Lease termination: is the courts’ approach likely to change? Ivan Veselov and Angelika Doguzova for AEB Real Estate Monitor, 3/2017
Russia’s sharp economic downturn has made changing or cancelling long-term leases, especially those setting the rent in foreign currency, an urgent issue for many companies.
This issue becomes particularly acute when talks with landlords come to nothing because they are reluctant to revise foreign currency rents, claiming to have other foreign currency liabilities (such as bank loans for building the leased property) or are just disinclined to compromise.
Such reluctance on the part of the landlord usually means the tenant has to go to court to get the lease amended or cancelled.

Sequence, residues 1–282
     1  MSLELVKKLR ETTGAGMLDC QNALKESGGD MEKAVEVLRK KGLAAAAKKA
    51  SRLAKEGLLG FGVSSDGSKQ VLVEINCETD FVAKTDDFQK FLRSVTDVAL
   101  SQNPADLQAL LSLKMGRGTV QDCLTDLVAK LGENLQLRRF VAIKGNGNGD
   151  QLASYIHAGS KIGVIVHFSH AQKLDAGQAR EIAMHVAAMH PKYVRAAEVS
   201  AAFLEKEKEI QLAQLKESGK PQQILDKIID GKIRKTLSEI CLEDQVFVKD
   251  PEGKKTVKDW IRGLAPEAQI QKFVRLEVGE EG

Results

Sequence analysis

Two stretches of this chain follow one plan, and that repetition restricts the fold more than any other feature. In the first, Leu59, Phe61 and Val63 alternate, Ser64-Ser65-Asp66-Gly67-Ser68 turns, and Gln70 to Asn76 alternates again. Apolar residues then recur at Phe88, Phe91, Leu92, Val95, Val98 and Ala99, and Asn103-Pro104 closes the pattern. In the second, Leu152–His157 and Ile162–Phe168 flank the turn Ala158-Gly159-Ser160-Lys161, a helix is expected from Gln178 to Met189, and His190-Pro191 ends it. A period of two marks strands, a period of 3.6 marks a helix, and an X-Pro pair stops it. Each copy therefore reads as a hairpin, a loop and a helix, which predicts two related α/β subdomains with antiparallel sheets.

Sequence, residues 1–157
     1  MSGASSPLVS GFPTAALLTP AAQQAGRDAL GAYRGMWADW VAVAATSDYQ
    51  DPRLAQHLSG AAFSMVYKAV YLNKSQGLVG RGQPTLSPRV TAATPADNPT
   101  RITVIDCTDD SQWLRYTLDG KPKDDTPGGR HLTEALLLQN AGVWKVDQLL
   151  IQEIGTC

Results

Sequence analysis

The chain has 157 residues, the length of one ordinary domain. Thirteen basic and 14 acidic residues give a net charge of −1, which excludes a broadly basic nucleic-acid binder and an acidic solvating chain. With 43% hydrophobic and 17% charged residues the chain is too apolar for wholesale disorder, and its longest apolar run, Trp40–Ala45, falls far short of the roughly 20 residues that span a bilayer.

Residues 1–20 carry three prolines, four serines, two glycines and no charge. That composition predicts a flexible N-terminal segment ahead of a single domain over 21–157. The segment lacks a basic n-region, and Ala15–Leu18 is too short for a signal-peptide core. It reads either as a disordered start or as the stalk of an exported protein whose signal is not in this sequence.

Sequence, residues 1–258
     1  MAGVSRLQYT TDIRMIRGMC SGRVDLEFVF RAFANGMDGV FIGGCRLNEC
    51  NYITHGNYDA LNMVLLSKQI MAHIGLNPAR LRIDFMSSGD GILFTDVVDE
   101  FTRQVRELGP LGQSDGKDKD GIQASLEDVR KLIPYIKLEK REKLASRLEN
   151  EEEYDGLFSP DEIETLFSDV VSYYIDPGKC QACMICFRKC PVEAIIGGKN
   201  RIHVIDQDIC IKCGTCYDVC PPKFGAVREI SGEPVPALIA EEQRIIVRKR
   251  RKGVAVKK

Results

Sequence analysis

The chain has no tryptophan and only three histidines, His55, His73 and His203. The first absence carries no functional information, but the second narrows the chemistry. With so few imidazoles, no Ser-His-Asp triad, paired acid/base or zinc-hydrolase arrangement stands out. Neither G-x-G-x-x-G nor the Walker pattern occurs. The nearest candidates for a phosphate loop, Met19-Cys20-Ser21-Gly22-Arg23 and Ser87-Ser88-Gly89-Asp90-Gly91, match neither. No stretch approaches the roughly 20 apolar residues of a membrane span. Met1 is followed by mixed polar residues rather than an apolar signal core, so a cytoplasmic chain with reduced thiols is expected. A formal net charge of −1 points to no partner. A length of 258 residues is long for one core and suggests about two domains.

Since the beginning of the currency crisis in 2014, several different judicial approaches have emerged when tenants try to get their leases changed or cancelled. The courts had already developed some of these during the many previous such crises.
For instance, claimants have sometimes referred to force majeure (Russian Civil Code art. 401) or a material change in circumstances (Russian Civil Code art. 451).
Since art. 451 of the Russian Civil Code had already been rejected by the Russian Supreme Commercial Court1 as grounds for amending or cancelling an agreement, Vimpel-communications PJSC vs. Tizpribor PJSC was a landmark case: the first instance court acknowledged that the sharp devaluation of the rouble was sufficient grounds for amending agreements setting prices in foreign currency2.